Lancaster, York organizations discussing fair housing needs, barriers


Image credit: Tenfold

LANCASTER, Pa. (WHTM) — Several Lancaster and York County organizations are coming together to discuss fair housing barriers and progress in honor of Fair Housing Month.

Fair housing seeks to prevent discrimination based on factors like race, religion, gender, national origin, disability or familial status when individuals look to rent, purchase or acquire loans for housing. The Fair Housing Act of 1968 first codified this practice into national law and has been updated occasionally since then to identify more protected classes.

The Fair Housing Act prohibited discriminatory practices, but there are still a number of barriers to fair housing that persist. Brittany Mellinger, director of the Housing Equality and Equity Institute at Tenfold (formerly LHOP and Tabor) says, “There are still a number of barriers that happen behind the scenes, so folks might not realize it.”

Mellinger says individuals may be steered towards a certain type of housing because of their family structure or their national origin. They may not have the same access to financing. They may not receive the same home repairs as their neighbors. Or their requests for disability accommodations may not be met. “These are all things that we hear calls about through our office,” Mellinger says.

COVID-19 further exacerbated housing challenges faced disproportionately by people of color and other protected classes. Mellinger notes that the economic impact of the pandemic was felt especially by people of color, older adults and individuals with disabilities.

National and state agencies have stepped in to address housing challenges during the pandemic, and Tenfold and other organizations got to work helping people understand how to access government funding and assistance.

Both related and unrelated to the coronavirus pandemic, Mellinger says a lack of knowledge is currently another major barrier to fair housing. That’s where Tenfold comes in: the organization works to educate tenants/home buyers and landlords about their rights and responsibilities.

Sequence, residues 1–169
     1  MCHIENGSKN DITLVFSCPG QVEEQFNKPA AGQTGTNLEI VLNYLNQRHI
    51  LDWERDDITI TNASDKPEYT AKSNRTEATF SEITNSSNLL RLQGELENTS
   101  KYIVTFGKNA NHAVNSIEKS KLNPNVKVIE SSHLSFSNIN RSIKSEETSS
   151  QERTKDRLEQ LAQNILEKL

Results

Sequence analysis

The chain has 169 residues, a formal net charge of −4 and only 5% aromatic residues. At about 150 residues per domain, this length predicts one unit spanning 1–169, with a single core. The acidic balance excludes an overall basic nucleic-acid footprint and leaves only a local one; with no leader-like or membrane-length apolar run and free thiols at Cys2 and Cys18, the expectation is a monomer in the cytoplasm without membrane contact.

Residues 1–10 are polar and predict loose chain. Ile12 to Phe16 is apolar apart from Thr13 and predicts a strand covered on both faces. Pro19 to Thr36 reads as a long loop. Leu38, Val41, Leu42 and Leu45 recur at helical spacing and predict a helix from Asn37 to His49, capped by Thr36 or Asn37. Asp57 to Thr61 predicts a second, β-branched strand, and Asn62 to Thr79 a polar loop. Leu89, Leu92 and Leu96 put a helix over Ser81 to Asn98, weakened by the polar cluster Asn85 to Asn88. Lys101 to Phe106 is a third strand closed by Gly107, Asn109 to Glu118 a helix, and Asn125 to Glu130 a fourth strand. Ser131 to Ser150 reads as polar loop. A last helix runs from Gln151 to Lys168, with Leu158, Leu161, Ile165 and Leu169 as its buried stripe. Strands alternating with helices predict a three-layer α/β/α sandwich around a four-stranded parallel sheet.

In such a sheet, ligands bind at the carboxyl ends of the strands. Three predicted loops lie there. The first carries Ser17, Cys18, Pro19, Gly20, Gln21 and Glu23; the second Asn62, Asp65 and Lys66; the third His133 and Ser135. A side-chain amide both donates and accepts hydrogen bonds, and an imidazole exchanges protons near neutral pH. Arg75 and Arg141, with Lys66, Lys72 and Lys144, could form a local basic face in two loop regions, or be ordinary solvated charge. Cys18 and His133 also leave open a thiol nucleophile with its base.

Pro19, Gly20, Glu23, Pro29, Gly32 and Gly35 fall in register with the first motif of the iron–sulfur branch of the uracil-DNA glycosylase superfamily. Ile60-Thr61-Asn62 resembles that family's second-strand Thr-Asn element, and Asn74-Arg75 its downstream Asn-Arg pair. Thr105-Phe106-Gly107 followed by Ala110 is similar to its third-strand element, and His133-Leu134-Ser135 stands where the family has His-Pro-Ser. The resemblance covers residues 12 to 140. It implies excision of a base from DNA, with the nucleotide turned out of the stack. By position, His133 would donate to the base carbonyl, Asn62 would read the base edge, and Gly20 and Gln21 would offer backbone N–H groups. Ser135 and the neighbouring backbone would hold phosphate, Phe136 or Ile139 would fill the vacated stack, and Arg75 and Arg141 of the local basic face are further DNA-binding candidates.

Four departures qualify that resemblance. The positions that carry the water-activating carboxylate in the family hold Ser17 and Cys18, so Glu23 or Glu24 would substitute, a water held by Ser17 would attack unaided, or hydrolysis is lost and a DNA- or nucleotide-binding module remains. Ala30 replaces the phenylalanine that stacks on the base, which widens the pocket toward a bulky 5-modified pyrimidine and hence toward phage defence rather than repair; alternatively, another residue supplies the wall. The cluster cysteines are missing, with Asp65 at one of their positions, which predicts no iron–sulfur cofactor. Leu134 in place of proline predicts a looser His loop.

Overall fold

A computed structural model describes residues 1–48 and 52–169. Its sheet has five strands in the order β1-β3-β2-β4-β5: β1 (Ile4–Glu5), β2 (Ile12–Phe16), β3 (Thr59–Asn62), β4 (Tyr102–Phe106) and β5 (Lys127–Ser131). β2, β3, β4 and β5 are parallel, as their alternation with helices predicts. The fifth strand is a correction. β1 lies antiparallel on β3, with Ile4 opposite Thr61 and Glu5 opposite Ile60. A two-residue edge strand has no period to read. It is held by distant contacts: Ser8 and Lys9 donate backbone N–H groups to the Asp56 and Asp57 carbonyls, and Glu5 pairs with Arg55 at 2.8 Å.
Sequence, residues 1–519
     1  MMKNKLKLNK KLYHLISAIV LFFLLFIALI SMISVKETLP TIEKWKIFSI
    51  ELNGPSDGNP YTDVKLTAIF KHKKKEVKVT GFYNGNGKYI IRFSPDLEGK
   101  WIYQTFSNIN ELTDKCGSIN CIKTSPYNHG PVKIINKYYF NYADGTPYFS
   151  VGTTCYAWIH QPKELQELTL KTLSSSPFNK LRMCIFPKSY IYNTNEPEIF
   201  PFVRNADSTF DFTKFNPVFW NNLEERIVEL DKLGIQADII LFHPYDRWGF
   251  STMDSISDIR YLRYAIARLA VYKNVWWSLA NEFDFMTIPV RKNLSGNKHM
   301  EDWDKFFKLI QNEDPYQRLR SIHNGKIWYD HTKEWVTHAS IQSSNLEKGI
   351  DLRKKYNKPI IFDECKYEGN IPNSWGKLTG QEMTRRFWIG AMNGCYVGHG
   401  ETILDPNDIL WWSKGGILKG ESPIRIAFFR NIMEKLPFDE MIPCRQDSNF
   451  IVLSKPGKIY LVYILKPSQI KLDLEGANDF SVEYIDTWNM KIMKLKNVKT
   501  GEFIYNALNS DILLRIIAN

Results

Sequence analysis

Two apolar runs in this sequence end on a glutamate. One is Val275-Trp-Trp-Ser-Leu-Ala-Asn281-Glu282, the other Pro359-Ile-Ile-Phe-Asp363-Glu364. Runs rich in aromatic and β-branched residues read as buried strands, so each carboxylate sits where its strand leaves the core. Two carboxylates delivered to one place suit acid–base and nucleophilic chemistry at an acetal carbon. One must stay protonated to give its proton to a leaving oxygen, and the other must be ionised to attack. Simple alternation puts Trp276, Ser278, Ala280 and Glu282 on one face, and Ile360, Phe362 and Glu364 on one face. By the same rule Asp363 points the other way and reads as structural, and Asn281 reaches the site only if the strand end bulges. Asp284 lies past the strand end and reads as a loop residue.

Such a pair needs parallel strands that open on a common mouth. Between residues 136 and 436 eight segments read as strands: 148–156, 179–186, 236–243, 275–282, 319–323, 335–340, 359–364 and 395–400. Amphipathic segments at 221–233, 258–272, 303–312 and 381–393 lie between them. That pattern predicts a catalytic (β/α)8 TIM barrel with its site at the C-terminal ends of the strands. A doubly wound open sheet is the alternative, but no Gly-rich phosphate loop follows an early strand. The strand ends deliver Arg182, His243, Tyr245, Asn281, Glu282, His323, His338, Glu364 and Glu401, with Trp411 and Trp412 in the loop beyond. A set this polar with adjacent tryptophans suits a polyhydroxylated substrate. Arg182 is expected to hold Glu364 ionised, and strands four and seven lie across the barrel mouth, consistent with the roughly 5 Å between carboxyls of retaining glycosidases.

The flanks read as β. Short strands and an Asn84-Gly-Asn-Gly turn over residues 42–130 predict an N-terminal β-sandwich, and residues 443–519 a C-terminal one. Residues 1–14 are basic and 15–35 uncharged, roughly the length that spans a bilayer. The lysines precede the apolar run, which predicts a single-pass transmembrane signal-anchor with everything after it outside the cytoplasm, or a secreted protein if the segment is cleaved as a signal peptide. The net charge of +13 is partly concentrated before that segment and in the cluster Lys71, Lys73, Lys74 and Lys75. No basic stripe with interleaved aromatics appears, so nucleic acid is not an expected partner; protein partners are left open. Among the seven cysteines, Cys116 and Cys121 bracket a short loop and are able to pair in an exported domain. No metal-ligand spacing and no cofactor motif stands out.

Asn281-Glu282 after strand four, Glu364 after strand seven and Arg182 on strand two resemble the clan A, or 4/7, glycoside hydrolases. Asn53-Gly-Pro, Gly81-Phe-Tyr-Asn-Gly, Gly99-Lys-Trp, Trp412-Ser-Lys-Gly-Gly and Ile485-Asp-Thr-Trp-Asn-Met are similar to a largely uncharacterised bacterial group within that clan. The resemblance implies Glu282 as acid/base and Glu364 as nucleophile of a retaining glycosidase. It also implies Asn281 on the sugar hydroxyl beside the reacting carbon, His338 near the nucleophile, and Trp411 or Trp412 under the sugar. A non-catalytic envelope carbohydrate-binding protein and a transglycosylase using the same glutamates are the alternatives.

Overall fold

As part of this mission, Mellinger will be participating in the virtual 2021 Fair Housing Forum on Wednesday along with representatives from the human relations commissions for Pennsylvania, Lancaster City and the city of York.

The forum will focus on emerging housing needs in the area, barriers to fair housing and steps that communities can take to address fair housing issues. Mellinger hopes participants will come away from the forum with “increased knowledge of their rights as well as just a better understanding of the housing situation right now.”

The Fair Housing Forum takes place at 5 p.m. on April 21. Participants can register for the event here.

“We know how central housing is to having a stable, thriving community,” Mellinger says. Stable housing plays a role in individuals’ ability to maintain health, employment and education among other things. “That’s why we’re so passionate about making sure that everyone has this access to housing that’s appropriate for their household in the area that they choose to live,” explains Mellinger.

To preserve and remove barriers to fair housing, Mellinger says education is important, as is “working with our local leaders, our municipal officials, ensuring that none of our policies are having any kind of disparate impact on protected classes and keeping them from having their housing choice.”

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